Pinky Joe, peach-faced lovebird
A big heart in a tiny body: our wonderful peach-faced lovebird.
This is a story about a peach-faced lovebird named Pinky Joe who I rescued from a tuxedo cat. Pinky Joe became a huge part of our family and brought much pleasure and was dearly loved.
Picture a warm, sunny Saturday afternoon in late spring in a little town in Texas; all the doors and windows are open and a soft breeze is flowing through the town. An old white house sits high on a sloping lot of immaculate St. Augustine grass; inside a woman in shorts and tee shirt is painting furniture.
Suddenly the peace of the neighborhood is fractured by a shrill cry for help. The woman runs out onto the gray painted wooden porch and looks this way and that, trying to determine the source.
She see movement across the street, under a parked car. She runs across the street and gets down on her hands and knees and peers under the car. There crouches her black and white cat, Tao, and she hears another cry, fainter this time. She lies on her back on the asphalt and drags the cat out and horror of horrors, there is something in its mouth.
Carrying the cat, she runs back across the street to her own yard and falls to her knees in the thick St. Augustine grass. The cat stares up at her with gorgeous emerald eyes. Protruding from each side of the cat's mouth, slowly beating, are two perfect pale green wings and a tiny body. The head is (gulp) in the cat's mouth. She attempts to pry the cat's mouth open and wonder of wonders, the cat allows this. She holds the cat with her left hand and cradles the tiny bird with her right hand. The cat, seeing its prize slipping away, makes a lunge for the bird.
The woman screams for her husband to come help her. He rushes out and gently cups the tiny bird in his hand. The bird sits there, enclosed in the man's hand except for its little head protruding between the thumb and forefinger.
The woman picks up the cat and runs into the house and shuts it up in the laundry room. Rummaging in her handbag, she pulls out a twenty and calls for her daughter to run to the five and dime store and buy a birdcage. (Nowadays the same birdcage would cost $80 and the five and dime stores are all gone.)
When the birdcage arrives, the man attempts to open his hand and release the bird into the cage, and -- this next part is difficult to describe -- the bird stretches out his little neck and, using the underside of his beak, gently pulls the man's thumb back and tucks the man's hand securely around itself, as if to say, "Hold me close; keep me safe; don't let go!"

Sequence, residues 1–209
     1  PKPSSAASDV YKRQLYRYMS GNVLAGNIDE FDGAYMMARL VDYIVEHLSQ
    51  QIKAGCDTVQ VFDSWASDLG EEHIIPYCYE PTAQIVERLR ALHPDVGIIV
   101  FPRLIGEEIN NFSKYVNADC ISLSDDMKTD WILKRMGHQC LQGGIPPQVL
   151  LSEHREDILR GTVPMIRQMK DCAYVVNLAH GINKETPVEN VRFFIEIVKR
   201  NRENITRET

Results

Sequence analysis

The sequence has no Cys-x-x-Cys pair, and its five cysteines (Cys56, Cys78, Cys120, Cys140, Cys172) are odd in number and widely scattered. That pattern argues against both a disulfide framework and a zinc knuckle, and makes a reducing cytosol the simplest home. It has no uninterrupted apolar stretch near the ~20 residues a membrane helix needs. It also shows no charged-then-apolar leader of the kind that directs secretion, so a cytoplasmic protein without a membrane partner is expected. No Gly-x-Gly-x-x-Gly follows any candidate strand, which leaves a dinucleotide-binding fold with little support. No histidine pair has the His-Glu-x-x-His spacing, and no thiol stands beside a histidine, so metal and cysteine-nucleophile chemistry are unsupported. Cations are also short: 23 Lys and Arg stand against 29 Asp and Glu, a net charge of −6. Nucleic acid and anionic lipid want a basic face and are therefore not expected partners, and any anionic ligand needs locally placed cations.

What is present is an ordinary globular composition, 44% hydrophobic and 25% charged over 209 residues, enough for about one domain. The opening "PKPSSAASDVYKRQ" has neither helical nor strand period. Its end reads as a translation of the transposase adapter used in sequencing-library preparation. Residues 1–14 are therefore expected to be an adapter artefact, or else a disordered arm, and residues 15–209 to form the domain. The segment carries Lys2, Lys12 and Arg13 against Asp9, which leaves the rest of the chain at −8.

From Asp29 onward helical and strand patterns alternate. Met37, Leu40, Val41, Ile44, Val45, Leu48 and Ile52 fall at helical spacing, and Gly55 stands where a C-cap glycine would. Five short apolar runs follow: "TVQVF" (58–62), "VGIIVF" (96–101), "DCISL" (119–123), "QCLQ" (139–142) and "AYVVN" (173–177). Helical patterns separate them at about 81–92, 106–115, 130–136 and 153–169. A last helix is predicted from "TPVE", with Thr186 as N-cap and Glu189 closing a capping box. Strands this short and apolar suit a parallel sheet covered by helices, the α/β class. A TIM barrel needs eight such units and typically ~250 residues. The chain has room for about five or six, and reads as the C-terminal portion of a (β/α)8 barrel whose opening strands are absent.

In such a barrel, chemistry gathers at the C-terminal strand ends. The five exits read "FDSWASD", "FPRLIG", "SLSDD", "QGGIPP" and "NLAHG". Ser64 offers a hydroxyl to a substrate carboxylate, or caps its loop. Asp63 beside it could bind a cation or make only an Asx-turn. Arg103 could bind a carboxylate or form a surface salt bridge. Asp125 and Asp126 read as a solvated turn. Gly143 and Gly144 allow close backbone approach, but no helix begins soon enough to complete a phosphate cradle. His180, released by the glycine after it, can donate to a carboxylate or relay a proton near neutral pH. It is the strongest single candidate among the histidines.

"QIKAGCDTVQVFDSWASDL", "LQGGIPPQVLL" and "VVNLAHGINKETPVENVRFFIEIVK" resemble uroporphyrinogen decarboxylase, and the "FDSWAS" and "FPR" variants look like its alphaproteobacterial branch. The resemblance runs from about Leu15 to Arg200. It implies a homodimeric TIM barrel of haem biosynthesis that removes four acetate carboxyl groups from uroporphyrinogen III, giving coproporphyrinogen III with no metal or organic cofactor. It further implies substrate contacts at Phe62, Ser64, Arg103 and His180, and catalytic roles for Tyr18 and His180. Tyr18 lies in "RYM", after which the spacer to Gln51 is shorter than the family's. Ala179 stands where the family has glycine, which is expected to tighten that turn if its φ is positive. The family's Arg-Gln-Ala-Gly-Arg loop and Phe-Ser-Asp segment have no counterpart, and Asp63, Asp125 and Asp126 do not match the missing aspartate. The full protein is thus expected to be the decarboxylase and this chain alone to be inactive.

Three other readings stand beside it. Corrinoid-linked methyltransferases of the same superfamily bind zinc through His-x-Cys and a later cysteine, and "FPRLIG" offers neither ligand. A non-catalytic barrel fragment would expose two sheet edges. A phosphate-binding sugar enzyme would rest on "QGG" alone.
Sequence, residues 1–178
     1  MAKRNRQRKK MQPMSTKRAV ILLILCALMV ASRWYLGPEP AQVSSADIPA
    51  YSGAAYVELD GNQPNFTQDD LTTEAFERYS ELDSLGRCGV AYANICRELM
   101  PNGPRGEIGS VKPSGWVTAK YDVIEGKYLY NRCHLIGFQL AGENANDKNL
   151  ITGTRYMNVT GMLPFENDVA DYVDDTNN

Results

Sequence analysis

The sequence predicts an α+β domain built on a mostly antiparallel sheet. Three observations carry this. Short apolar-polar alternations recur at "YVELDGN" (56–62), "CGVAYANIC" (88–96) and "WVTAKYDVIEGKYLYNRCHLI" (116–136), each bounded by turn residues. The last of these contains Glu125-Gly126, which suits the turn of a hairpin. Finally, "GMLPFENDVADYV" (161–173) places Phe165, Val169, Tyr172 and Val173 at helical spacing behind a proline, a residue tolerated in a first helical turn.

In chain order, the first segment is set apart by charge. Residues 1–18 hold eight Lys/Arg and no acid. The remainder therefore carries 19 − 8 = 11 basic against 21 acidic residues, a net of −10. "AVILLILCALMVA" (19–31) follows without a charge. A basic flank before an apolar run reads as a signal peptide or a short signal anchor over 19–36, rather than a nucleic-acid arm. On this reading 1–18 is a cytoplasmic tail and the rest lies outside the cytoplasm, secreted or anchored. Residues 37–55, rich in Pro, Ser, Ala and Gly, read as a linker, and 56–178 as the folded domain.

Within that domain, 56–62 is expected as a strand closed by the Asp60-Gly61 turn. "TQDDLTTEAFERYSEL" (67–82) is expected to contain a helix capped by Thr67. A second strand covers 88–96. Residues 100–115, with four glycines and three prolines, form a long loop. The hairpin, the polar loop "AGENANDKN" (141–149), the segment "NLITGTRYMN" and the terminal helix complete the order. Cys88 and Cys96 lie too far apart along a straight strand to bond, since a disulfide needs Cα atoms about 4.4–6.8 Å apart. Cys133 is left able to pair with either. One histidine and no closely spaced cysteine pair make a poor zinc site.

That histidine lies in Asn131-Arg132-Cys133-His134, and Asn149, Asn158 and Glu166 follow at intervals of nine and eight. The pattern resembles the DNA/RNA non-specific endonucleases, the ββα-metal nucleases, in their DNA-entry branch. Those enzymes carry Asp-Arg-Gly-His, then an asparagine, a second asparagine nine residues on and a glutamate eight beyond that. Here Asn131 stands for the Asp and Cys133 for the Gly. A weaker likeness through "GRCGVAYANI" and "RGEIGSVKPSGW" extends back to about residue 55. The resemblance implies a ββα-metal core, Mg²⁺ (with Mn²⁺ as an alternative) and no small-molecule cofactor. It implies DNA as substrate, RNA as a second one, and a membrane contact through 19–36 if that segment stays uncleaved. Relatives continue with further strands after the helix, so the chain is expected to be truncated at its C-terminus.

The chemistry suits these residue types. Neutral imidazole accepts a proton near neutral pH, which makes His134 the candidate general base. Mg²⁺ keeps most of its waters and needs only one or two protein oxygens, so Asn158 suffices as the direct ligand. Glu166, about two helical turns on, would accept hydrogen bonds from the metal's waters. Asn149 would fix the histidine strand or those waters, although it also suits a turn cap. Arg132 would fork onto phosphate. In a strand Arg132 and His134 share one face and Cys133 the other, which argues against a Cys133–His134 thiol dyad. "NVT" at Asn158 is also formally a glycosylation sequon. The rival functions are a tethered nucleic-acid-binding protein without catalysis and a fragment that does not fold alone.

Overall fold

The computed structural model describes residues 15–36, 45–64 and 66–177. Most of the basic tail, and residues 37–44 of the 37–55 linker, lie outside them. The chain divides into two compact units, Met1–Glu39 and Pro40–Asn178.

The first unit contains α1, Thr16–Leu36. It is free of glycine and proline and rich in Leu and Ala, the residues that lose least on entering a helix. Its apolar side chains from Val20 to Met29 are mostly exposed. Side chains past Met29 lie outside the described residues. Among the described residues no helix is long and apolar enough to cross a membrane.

They checked the weekly newspaper for a lost bird but no one came forward and no one in the neighborhood knew where he came from.
They named the little bird Pinky Joe and he lived with them for many years and brought a lot of love into their home.
Pinky Joe especially loved the woman of the house, and when the cat was outside and Pinky Joe was free to roam, he liked to sit on the woman's shoulder and gently nibble her left earlobe. When the humans tried to put him away in his cage, he would fly up high and hide. He always hid in the same place, on top of the ceiling fan blades in the dining room. He would sit there for a minute, and then, unable to stand the suspense, he would walk to the edge of the blade and peek over it at the pursuing humans.
Pinky Joe loved baths. He would stretch out his lovely wings and flutter them in the stream of water. He really appreciated his baths.
Pinky Joe was gentle and kind and funny all at once. He was quirky and formed endearing little habits. He stole their hearts and they remember him and miss him after 30 years.
One day while the woman was at work, she got a phone call from her husband and he was crying. Pinky Joe is dead, he sobbed. I came home and found him lying on the bottom of his cage.
They wrapped Pinky Joe in white muslin and buried him deep beneath a large old crepe myrtle in the back yard. They never forgot him and after all these years they still sometimes remind each other of his antics and share a laugh.
Read about another one of Tao's exploits here: http://silvahayes.hubpages.com/hub/Cat-Carrier-in-car
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